The whirling blades on drones flying above Mars may cause tiny electric currents to flow in the Martian atmosphere, according to a NASA study. These currents, if large enough, might cause the air surrounding the craft to glow. This process occurs naturally at much larger scales on Earth as a corona or electrical glow sometimes seen on aircraft and ships in electrical storms known as Saint Elmo’s Fire.
“The faint glow would be most visible during evening hours when the background sky is darker,” said William Farrell of NASA’s Goddard Space Flight Center in Greenbelt, Maryland, lead author of a paper on this research published March 10, 2021 in the Planetary Science Journal. “NASA’s experimental Ingenuity helicopter does not fly during this time, but future drones could be cleared for evening flight and look for this glow.”
“The electric currents generated by the fast-rotating blades on drones are too small to be a threat to the craft or the Martian environment, but they offer an opportunity to do some additional science to improve our understanding of an accumulation of electric charge called ‘triboelectric charging,'” added Farrell.
Triboelectric charging happens when friction transfers electric charge between objects, like when a person rubs a balloon against their hair or sweater. The electrified balloon will attract the person’s hair causing it to lift toward the balloon—which indicates that the balloon has developed a large electric field from the triboelectric charging process.
The team applied laboratory measurements and used computer modeling to investigate how electric charge could build up on a drone’s rotor blades. Charge buildup also happens on terrestrial helicopter blades, especially in dusty environments, so the team also used interpretations and modeling of the charging from terrestrial helicopters as a basis for understanding the Mars case.
They found that as the drone’s blades spin, they run into tiny dust grains in the Martian air, especially when the helicopter is near the surface and blowing dust around. As the blades impact the grains, charge is transferred, building up on the blades and creating an electric field. As charge builds to high levels, the atmosphere starts to conduct electricity, a process known as “atmospheric breakdown,” creating a population of electrons that form an enhanced electric current that acts to dissipate or offset the charge build-up on the rotorcraft.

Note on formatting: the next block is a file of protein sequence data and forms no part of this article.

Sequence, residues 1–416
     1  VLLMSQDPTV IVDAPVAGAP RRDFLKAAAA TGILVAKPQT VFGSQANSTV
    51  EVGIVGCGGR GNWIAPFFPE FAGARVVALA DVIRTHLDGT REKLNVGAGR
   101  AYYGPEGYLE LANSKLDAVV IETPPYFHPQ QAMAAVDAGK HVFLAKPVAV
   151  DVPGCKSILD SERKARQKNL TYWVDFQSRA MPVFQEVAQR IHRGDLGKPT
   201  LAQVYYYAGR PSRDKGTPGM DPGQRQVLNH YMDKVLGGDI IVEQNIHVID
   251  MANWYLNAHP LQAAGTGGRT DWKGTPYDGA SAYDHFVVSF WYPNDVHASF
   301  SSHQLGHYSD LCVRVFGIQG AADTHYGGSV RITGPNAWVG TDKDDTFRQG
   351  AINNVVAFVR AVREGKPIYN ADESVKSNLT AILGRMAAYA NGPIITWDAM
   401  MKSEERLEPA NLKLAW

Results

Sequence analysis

The team found that breakdown begins as an invisible “electron avalanche.” Electrons are very small particles with negative electric charge. The charge makes electrons respond to electric fields—attracted to a field generated by positive charge and repelled from a field generated by negative charge. Free electrons—those not bound to an atom—in an electrically conducting material such as a copper wire are responsible for the flow of electric current. Atmospheres can have free electrons as well, and the few free electrons in the Martian air feel the force of the electric field from the rotorcraft and crash into atmospheric carbon dioxide (CO2) molecules. The impact liberates more electrons from CO2 molecules, which amplifies the current.
The Martian atmosphere is extremely thin, at the surface just about one percent of the pressure of Earth’s atmosphere at sea level. This very low pressure makes breakdown more likely. On Mars, the molecules that make up the atmosphere are spaced further apart than in an atmosphere like Earth’s, since they are less dense. Think of the electric field propelling the free electrons much like a car at the start of a drag race. If there are many large obstacles along the path, the accelerating car may hit them and slow down (or stop). The collisions limit the car’s speed to remain relatively slow. However, if the obstacles are very widely spaced, that same car will now accelerate to high velocities before hitting the obstacle. Similarly, the extra space in Martian air gives free electrons a greater path for acceleration before they ‘crash’ into a molecule, so they can reach the required velocity to kick off other electrons from the CO2 molecules and start an electron avalanche within a relatively low electric field of around 30,000 volts per meter (1 meter is about 3.3 feet). On Earth, the same electron avalanche can occur, but in the denser atmosphere, the electric fields must be much larger, about 3,000,000 volts per meter.
Although the currents generated by a drone flying in the atmosphere are small, they might be large enough to cause the air around the blades and other parts of the craft to begin the electron avalanche and possibly even glow a blue-purple color.
However, the researchers acknowledge that their result is a prediction, and sometimes nature has other plans. “In theory, there should be some effect, but whether the electron avalanche is strong enough to create a glow, and if any weak glow is observable during operations all remain to be determined in future drone flights on Mars,” says Farrell “In fact, one could even place small electrometers up near the blade and at the legs to monitor the effects of any charging. This kind of electrical monitor could be of both scientific value and provide critical input on drone health during the flight.”